Using Agile method

A manager wrote to me: “I work in an Information Technology (IT) organization for a government agency, we have tried to use Agile development method but most projects failed and we do not know why. Please advice.”

Answer: It is difficult to give advice without any specific details about why so many projects failed. In my opinion, Agile is a good method for small projects in a well organized organization. If your organization is not well organized and full of bureaucracy then it may not work. If your project is large, as many government projects often are, then it may not work either. The key factor in Agile method is the breakdown of requirements into smaller tasks and incrementally builds the products and delivers to customers one task at a time. Due to its small incremental step, it is easier to track and modify the product when changes happen and customer's feedbacks are easily incorporated in the next release. But Agile teams can only do that with the least amount of bureaucracy. For some government managers this is difficult as they are afraid that they may lose control so they often interfere and create problems rather than help.

The most important factor of Agile method is the Self-organizing team whose members develop software based on priorities and accepts changes as they happen. If the team is NOT well trained in Agile method, it will not work. If team members do not have a clear understand Agile process and skills to deliver quality products, it will not work. If team members are not experienced enough, or have the discipline to follow a daily routine of activities, it will not work effectively. Without training and experience, team members may not be able to work well together, to track progress, to set priorities, and to get the products delivered within their “Sprint” (few weeks).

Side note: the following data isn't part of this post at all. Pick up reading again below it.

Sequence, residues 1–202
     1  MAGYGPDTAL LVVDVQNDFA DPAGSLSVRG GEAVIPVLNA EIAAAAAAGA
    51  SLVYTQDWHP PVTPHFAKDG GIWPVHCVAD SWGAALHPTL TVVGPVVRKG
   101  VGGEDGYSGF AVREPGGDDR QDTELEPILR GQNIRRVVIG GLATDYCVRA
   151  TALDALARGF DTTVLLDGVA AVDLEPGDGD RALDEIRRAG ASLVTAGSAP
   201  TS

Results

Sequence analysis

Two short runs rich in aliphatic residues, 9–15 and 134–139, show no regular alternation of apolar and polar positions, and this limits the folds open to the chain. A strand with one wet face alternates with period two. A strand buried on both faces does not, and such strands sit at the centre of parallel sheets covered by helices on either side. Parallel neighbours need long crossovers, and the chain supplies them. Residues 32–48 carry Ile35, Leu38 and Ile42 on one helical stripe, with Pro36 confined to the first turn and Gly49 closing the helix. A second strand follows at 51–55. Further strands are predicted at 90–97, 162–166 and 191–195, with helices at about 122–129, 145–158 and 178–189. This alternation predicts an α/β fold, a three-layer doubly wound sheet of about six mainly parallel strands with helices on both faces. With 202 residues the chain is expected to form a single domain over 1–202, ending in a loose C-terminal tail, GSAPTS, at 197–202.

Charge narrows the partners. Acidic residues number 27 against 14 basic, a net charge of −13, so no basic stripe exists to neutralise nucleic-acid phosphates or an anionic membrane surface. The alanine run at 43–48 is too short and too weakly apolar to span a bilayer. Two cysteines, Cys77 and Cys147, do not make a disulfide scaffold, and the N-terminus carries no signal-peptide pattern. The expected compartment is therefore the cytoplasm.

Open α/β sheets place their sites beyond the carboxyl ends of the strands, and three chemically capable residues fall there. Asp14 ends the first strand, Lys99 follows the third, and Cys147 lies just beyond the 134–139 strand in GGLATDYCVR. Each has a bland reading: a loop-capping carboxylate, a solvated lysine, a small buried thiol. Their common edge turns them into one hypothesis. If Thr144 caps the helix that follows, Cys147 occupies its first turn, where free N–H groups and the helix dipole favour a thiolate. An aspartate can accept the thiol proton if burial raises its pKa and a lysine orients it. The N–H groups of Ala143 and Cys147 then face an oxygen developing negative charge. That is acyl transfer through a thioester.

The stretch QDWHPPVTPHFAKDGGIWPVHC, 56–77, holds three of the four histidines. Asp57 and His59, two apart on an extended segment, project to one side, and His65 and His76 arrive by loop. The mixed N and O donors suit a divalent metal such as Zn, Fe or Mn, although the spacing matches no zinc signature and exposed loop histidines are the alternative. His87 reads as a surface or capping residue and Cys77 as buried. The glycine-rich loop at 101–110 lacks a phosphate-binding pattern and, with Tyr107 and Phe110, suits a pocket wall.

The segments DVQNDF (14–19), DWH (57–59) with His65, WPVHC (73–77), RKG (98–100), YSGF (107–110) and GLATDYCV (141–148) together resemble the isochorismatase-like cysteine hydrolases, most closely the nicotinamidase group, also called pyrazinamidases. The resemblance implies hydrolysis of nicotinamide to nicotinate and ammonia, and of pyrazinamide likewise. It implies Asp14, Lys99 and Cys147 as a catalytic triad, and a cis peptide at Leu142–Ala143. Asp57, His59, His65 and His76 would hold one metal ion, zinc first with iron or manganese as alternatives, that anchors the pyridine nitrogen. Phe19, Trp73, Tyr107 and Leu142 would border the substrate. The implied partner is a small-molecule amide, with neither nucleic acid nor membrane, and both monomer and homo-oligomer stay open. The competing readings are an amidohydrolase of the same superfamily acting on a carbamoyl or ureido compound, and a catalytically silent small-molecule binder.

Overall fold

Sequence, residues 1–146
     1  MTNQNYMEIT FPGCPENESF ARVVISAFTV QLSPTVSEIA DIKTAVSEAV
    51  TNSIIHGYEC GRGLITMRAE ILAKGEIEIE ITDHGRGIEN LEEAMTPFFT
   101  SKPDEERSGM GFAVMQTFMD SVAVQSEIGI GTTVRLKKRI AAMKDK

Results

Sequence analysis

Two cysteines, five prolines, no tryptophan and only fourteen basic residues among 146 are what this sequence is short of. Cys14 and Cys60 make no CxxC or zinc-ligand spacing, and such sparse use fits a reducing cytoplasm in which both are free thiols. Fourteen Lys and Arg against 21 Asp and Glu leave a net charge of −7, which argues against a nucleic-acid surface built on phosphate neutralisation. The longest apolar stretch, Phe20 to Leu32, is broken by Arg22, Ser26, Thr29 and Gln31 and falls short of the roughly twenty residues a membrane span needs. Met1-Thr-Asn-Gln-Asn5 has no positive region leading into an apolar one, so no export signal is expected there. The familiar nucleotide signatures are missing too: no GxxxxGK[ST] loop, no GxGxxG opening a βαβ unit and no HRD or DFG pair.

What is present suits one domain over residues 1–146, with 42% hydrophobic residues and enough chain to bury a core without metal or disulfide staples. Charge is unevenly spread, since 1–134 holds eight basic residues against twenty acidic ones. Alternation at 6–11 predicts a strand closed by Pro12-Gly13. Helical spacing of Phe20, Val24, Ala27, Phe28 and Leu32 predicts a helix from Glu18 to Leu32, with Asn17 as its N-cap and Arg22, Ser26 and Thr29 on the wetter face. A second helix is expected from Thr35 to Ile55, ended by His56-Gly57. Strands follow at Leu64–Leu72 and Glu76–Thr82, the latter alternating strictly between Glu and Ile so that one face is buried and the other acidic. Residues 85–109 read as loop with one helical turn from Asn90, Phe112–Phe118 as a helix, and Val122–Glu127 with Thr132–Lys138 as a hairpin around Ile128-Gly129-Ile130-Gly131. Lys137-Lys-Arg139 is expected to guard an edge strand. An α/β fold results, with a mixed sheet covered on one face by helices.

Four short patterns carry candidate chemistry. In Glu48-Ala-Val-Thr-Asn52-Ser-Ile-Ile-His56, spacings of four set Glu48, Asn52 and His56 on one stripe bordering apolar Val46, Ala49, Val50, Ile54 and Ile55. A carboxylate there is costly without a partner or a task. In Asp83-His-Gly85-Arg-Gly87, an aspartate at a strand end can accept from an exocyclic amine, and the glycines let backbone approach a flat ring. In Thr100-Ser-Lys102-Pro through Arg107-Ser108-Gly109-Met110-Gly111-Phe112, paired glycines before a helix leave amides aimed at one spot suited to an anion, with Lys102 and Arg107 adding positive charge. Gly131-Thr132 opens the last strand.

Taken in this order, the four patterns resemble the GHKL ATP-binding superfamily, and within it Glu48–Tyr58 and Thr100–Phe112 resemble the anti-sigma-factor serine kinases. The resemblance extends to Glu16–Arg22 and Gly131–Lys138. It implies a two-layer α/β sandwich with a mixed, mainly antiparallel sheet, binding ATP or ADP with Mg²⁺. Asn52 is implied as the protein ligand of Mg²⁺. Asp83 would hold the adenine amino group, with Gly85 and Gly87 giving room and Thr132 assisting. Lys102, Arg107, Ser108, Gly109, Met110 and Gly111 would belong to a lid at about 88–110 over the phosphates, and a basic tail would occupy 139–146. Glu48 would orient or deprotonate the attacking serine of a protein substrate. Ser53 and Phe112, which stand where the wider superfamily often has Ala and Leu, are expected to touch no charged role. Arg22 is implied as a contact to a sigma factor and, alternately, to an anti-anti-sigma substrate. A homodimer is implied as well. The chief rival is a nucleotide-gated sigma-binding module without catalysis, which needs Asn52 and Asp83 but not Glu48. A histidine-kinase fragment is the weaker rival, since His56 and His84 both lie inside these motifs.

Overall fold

The best way to use Agile is having good trainings for both managers and developers, then apply it in few smaller projects so the team can get more experiences before apply the method on all projects. It takes time to develop good Agile skills; it takes time for managers to really understand the Agile process; and it takes time to build a disciplined self-organizing team.


  • Blogs of Prof. John Vu, Carnegie Mellon University